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Britain’s dilemma boils down to who’s the least repellent

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Shake on it...Boris Johnson and Jeremy Corbyn before their election debate on ITV.

World of Politics with Harry McGee – harrymcgee@gmail.com

The British General Election may be unique on one overriding level in that it’s almost the opposite of a popularity contest. Voters go to the polls on December 12 to choose their new prime minister – and will do so on the basis of which is the least repellent.

The first televised debate last week was revealing. Sure, the audience is packed with partisan supporters. Still, it was shocking to hear open and loud guffaws when Boris Johnson (a practised liar) proclaimed that truth was important.

There were equally high decibels of laughter when Jeremy Corbyn began to say that his stance on Brexit was very clear (in fact it is a non-stance).

We live in an age or irreverence and cynicism; the lighter fuel that has blown up respect has been social media. Anyone forwarding a view and having the temerity (or stupidity) to put it up on Twitter or Facebook can brace themselves for a long thread of gratuitous insults.

Those making it are a teensy proportion of the population, made up of angry and bitter people – and still, their views are somehow taken as a yardstick for public sentiment.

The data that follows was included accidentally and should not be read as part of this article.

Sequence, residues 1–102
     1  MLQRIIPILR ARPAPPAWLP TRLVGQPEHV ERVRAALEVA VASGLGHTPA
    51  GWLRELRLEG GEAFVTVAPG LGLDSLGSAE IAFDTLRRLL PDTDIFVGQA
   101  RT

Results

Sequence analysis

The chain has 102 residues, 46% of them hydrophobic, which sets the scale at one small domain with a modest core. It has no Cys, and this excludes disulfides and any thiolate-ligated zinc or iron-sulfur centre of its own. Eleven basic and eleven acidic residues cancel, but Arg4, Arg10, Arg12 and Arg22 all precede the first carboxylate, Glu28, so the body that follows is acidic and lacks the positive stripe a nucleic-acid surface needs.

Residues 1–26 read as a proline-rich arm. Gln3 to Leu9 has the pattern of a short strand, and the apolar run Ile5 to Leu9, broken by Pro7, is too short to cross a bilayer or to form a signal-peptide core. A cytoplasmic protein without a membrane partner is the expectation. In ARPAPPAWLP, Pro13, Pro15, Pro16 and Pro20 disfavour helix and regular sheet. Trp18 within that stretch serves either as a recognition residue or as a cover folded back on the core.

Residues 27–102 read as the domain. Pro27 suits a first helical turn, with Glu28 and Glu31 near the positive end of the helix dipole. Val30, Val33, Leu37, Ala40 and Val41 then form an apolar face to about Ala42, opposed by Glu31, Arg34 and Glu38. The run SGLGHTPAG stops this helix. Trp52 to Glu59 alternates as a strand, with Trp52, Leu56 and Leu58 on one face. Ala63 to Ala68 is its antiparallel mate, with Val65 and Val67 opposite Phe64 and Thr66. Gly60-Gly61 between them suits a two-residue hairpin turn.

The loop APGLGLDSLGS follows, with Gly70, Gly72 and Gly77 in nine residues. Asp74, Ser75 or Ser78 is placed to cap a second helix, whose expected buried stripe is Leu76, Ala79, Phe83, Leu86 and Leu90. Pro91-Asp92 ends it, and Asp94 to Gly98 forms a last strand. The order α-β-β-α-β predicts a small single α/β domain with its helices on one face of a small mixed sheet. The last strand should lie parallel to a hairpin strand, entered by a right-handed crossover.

It’s not that politicians (or the media for that matter) are victims in all this. They have taken that cynical approach and refined it.

Look at Donald Trump and his administration. They spray lies around like confetti.

Lots of American media organisations have ‘fact checkers’. It doesn’t matter. By the time they respond, another whole stadium’s worth of porkies have been sent out, or “alternative facts”, as Kellyanne Conway memorably called them.

Many people see this British vote as a rerun of the 2017 election – but it’s not.

Sure, the conditions seemed the same at the start. There was a big gap between the Conservatives and Labour at the start, 17 points. However, by the time of the election in early June that year it had been cut to seven points.

For more, read this week’s Connacht Tribune.

Get the Connacht Tribune Live app

The Connacht Tribune Live app is the home of everything that is happening in Galway City and county. It’s completely FREE and features all the latest news, sport and information on what’s on in your area. Click HERE to download it for iPhone and iPad from Apple’s App Store, or HERE to get the Android Version from Google Play.